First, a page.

Met Encore Presentation tonight, Wednesday, December 17, at 6:30pm local time,
Canadian Encore February 7 at 12pm local time, Monday, February 23 at 6pm local time
The next Met Live HD presentation features Renee Fleming starring in Franz Lehar's "The Merry Widow," Saturday, January 17 at 12:55pm ET
Reviewed by Dwight Casimere
Metropolitan Opera Photos by Ken Howard
NEW YORK--Tonight, Wednesday, December 17th, is a special night for opera lovers world-wide, because they will have an opportunity to see the Met Opera's Live HD Encore Presentation of Wagner's Die Meistersinger in select theatres at 6:30pm, local time. The production, a revival of a production first mounted by the company seven years ago, is a dream-come-true for sincere lovers of the art form.
The production is a triumph on many levels. Just go down the checklist. It is Met Opera Music Director James Levine's first revisiting of the works of Richard Wagner since 2011, and he is in top form here. The international cast is a collection of the top Wagnerian singers in the world, making this a rare opportunity to see the likes of beloved Met veteran, bass-baritone James Morris as shoemaker Hans Sachs, South African heldentenor Johan Botha, another Met favorite, as the young knight, Walther, German soprano Annette Dasch as rhapsodic love interest Eva, celebrated German bass Hans-Peter Konig as the town goldsmith, Pogner, Johannes Martin Krankle as the town clerk, Sixtus Beckmesser and Scottish mezzo-soprano Karen Cargill in the role of Magdalene, Eva's attendant. The Metropolitan Opera chorus, directed by Chorus Master Donald Palumbo and the rich, world-class sound of the Metropolitan Opera orchestra, are reason enough to sit back, relax, and enjoy one of the lengthiest, but most satisfying evenings of opera this season.
The story unfolds in 16th Century Nuremberg, a regimented society, dominated by the culture of professional guilds. The opera takes place in this claustrophobic, highly regimented world,with the focal point the guild hall of the meistersingers, the hallowed fraternity of vocal musicians who are revered by all. To become a "master singer," candidates must pass a series of singing trials, which are governed by a byzantine set of rules. The test is graded with an intricate scoring system, controlled by one Sixtus Beckmesser, the town clerk, who is young Walther's nemisis. The test goes beyond singing. It encompasses personal aesthetics, moral integrity, and creative amplitude, all of which Walther has in abundance.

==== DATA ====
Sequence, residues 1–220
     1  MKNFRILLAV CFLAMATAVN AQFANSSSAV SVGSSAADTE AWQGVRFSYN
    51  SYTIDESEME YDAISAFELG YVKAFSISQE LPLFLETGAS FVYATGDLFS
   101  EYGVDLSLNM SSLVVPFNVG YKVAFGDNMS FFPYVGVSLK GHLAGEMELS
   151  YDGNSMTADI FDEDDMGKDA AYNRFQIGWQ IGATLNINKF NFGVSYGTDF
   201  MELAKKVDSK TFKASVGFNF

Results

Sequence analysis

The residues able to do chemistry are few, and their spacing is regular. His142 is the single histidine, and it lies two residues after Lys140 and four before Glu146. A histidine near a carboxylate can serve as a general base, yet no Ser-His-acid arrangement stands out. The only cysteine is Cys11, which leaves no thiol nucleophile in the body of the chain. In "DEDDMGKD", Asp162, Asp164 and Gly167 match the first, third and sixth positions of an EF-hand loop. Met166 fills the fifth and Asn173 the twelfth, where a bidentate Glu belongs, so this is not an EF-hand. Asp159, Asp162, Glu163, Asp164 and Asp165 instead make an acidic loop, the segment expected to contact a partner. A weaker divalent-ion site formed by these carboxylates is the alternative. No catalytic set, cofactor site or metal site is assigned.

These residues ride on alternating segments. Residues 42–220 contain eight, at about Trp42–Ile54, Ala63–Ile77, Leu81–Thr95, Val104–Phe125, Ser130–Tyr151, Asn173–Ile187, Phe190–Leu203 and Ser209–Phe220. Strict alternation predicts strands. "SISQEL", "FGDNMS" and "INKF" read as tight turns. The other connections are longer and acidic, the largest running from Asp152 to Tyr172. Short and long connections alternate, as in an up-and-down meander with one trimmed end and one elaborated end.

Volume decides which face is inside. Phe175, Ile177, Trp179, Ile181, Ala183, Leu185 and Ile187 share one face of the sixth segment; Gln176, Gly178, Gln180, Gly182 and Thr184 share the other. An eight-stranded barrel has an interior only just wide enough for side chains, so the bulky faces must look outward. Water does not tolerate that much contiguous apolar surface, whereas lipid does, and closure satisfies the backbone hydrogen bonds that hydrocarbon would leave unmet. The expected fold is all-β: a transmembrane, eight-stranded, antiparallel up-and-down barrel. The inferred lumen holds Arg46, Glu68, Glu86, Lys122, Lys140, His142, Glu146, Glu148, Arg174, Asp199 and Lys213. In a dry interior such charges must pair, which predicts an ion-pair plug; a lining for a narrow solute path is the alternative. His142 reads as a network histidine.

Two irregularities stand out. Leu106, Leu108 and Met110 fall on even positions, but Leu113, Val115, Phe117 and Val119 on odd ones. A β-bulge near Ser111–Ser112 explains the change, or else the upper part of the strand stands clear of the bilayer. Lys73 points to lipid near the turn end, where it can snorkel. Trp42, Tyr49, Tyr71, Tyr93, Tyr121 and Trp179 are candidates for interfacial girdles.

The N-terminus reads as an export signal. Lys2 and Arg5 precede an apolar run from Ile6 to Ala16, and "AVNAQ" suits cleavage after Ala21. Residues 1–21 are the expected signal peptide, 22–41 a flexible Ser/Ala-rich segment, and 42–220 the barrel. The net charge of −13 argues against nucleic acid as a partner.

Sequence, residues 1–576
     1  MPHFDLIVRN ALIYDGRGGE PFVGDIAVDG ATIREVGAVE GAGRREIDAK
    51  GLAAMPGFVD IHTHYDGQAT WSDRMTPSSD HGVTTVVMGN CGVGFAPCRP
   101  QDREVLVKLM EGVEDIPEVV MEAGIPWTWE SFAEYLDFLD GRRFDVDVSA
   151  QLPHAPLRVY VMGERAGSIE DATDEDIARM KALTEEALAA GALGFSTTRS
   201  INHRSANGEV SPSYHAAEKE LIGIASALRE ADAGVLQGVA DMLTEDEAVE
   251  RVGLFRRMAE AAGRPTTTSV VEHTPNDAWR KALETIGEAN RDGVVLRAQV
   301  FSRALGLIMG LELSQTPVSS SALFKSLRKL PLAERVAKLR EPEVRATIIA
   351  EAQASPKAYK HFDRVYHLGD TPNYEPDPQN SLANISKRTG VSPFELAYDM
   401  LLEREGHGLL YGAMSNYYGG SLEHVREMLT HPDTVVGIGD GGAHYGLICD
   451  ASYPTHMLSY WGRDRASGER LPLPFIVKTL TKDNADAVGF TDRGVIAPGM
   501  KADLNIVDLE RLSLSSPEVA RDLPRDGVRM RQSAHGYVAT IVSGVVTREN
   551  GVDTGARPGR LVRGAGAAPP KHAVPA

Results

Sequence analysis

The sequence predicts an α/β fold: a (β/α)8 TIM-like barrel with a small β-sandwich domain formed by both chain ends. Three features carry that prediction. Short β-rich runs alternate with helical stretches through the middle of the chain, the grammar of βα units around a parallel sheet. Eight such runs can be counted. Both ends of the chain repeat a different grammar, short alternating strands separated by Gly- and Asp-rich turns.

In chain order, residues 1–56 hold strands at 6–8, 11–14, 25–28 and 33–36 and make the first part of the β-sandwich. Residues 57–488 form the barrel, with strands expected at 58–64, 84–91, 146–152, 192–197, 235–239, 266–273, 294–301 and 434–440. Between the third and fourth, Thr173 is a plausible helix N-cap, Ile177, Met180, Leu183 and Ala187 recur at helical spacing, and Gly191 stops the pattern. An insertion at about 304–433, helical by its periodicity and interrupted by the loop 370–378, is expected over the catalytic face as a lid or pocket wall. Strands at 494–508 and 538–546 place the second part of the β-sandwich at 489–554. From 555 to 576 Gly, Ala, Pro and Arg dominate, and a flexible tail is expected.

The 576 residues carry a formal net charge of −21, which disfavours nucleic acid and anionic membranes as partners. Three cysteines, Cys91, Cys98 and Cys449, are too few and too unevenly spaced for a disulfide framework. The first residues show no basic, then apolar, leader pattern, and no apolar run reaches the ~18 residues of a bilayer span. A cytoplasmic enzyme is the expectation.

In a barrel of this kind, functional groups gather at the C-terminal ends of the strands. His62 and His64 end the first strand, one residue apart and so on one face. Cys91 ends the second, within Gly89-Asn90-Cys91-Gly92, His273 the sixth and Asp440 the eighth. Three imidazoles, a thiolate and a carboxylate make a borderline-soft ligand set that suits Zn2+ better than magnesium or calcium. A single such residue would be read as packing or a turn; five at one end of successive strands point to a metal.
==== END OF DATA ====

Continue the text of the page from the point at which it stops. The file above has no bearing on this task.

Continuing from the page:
The young knight, Walther von Stolzing(Johan Botha), has fallen in love with the town goldsmith's daughter, the voluptuous Eva(Annette Dasch), who has been promised in engagement to the winner of the guild of meistersinger's song contest. Walther plans to win the contest in order to ask for her hand, but it thwarted at every turn by the town clerk, Meckmesser (Johannes Martin Kranzle), who keeps rigorous count of the impressionable young knight's many missteps and unorthodox singing methods. Despite the town clerk's condemnation, Walther has pricked the curiosity of Hans Sachs (Michael Volle), the town cobbler and himself a master singer. Sachs is intrigued by Walther's beguiling emotional appeal and his zealous devotion to inspired singing.
The opera is a long sit, six hours, with the second act alone clocking in at two hours. However, the rewards are infinite. Let's put it this way, I would rather sit through five hours of Wagner's Meistersinger, than an entire afternoon of NFL Sunday, with its frequent penalty replay delays, inane commentary and non-sensical commercials. Thank God for the pause button and DVR!
Thankfully, great opera is now as near as your local movie theatre and soon, hopefully, on your home DVR.
Superlatives like "sublime," "absolutely fantastic," and "a superlative performance," that have been used in other reviews of this production, are just the start. Suffice to say that this reviewer has already seen the production twice, both on the stage of the Metropolitan Opera House and Live in HD at the Empire 25 in Times Square, and were it not for a special performance of Handel's "The Messiah" at the New York Philharmonic, an annual ritual, would be back in the Live HD audience again tonight!
"There's a lot of humor written into this opera," Maestro James Levine told Met Live HD backstage interviewer and soprano superstar Debora Voigt. "We see the singer/actors reacting to what's happening in a scene just as much as they are absorbed in the scene. There's a lot of their perception that the audience becomes a part of. "
For tickets and theatre locations, visit metopera.org or fathomevents.com.
with the Metropolitan Opera Chorus